Resiliency Tip #1: Prepare your “to go” bag!

On Sept 21st, we received an alert on our phones advising us to evacuate immediately due to a fast moving fire nearby. As it turned out, the fire was a few miles away and was quickly brought under control. However, it was a sober reminder that no one in California can confidently assume they have no fire risk. 


There is little debate that climate change is having an impact on us now and will be impacting us for the foreseeable future. While it is important to do our part to mitigate future climate change, it is also just as important to learn to adapt to the effects of climate change in the here and now. I will be devoting the next few months of the Environmental Moments to what I call Resiliency. These tips are not just for events related to climate change such as wildfires and droughts, but also apply to other natural disasters like earthquakes and even unexpected events such as a home fire.


Resiliency Tip #1: We have all been told to have our “to-go” bag ready if we ever have to evacuate. Among other things, the “to-go” bag should have copies of important documents such as insurance policies, passports, vaccine records, etc. as well as medications, water, food, and a flashlight. Here is a link to a “To-Go” bag checklist: PGE To-Go Bag Checklist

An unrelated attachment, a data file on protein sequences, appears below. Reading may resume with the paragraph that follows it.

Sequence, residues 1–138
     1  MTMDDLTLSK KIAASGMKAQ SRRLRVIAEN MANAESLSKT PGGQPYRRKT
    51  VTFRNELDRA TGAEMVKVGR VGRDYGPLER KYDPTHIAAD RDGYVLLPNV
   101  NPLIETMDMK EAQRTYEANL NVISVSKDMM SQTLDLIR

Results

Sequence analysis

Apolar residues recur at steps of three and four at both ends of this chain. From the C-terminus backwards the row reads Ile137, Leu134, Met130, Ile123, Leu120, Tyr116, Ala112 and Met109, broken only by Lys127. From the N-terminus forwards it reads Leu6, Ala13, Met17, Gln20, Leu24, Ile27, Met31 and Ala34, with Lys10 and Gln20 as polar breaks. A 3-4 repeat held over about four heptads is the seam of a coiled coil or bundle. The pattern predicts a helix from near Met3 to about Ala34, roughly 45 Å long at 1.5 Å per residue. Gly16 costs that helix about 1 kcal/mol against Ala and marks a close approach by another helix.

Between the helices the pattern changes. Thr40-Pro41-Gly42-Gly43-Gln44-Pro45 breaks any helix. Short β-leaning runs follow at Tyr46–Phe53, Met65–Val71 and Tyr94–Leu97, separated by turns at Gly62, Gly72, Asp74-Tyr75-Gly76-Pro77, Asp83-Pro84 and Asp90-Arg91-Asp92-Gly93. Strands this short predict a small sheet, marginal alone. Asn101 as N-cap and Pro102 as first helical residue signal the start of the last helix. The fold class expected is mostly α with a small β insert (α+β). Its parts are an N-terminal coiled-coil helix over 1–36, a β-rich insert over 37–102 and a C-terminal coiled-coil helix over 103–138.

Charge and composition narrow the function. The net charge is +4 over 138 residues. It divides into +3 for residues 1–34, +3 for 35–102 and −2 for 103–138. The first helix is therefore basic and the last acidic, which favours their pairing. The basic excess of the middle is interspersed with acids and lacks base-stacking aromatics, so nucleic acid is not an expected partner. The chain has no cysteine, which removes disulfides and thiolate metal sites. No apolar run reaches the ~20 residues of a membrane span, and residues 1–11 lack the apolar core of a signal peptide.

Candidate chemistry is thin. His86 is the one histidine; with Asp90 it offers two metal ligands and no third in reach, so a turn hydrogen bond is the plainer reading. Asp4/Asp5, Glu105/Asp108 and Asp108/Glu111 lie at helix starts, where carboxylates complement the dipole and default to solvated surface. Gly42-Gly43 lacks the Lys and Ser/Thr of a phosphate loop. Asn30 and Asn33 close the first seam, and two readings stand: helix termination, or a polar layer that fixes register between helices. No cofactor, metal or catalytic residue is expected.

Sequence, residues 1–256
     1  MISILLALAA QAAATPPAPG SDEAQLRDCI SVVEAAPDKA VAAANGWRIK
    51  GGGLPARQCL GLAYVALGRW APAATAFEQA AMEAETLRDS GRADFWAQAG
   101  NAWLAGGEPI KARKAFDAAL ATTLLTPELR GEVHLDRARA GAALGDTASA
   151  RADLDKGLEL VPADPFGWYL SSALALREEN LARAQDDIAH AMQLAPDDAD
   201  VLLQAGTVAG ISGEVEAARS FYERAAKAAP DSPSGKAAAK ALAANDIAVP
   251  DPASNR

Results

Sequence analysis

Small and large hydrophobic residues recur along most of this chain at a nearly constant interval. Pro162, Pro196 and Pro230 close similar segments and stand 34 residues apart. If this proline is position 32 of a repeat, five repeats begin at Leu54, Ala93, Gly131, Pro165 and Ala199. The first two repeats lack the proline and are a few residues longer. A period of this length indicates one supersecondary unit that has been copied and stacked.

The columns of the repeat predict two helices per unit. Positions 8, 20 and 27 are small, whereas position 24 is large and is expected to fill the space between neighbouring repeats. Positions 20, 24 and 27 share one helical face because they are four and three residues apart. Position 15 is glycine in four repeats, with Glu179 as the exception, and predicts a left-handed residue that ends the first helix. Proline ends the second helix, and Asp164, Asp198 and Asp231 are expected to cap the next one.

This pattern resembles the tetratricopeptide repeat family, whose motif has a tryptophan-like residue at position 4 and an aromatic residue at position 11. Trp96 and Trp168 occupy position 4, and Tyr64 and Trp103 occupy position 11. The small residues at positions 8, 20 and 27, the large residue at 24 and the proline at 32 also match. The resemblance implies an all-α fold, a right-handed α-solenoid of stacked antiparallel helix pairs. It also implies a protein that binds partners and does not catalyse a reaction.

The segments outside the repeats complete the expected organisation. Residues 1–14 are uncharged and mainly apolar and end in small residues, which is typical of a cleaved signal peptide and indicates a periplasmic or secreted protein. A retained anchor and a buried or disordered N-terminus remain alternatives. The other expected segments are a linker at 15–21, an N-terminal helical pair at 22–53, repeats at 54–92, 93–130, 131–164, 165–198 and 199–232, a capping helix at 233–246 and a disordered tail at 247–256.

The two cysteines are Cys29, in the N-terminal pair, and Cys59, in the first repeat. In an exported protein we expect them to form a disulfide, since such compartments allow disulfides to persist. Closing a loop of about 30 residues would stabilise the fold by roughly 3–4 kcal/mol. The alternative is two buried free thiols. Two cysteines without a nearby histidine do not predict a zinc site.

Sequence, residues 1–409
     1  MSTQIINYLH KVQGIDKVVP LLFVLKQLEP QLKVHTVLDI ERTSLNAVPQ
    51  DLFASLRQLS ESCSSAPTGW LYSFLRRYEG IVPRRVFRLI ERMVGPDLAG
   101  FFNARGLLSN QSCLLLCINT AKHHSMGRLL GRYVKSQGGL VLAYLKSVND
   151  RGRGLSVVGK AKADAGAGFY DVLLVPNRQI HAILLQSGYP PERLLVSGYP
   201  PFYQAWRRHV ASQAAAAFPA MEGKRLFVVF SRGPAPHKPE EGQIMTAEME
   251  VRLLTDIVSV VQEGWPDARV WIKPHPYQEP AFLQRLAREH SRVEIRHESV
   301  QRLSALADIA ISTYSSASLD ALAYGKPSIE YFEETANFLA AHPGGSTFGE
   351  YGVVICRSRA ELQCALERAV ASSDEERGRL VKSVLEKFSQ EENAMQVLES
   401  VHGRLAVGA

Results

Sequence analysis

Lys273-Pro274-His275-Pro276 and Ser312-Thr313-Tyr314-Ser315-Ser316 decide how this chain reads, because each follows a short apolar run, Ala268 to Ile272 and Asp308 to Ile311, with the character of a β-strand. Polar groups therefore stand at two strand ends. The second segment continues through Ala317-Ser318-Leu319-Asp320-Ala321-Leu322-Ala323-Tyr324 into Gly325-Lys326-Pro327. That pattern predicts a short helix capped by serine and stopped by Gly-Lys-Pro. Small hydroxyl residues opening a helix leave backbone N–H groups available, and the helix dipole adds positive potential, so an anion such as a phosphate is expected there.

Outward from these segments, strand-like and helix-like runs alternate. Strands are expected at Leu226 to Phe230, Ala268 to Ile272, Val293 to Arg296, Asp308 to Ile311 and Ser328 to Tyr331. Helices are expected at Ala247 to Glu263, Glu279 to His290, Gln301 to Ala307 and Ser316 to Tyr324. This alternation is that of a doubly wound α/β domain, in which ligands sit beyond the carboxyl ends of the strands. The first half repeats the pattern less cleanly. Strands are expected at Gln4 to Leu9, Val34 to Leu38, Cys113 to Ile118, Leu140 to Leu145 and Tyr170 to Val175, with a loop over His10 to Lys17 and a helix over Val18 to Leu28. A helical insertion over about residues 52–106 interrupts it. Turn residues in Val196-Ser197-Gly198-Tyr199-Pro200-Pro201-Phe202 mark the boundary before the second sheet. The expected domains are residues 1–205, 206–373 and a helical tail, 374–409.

BUT, what if a natural disaster or home fire happens while you are at work or on vacation? It might be wise to consider keeping your “to-go” bag in your car. In addition, you should consider putting digital copies of important documents in a fire safe or on a ‘cloud’ storage site or even sending them to a family member or friend who lives out of state. If your home is damaged or destroyed by fire, it is critically important to contact your insurance agent immediately which is one reason why it is important to have contingency plans for important documents.  


If you are interested in a comprehensive guide to resiliency, I recommend “How to Prepare for Climate Change” by David Pogue. 


If you have any tips for how to be resilient in the face of climate change or any other unforeseen event, please contact Eileen Haflich via the church office at


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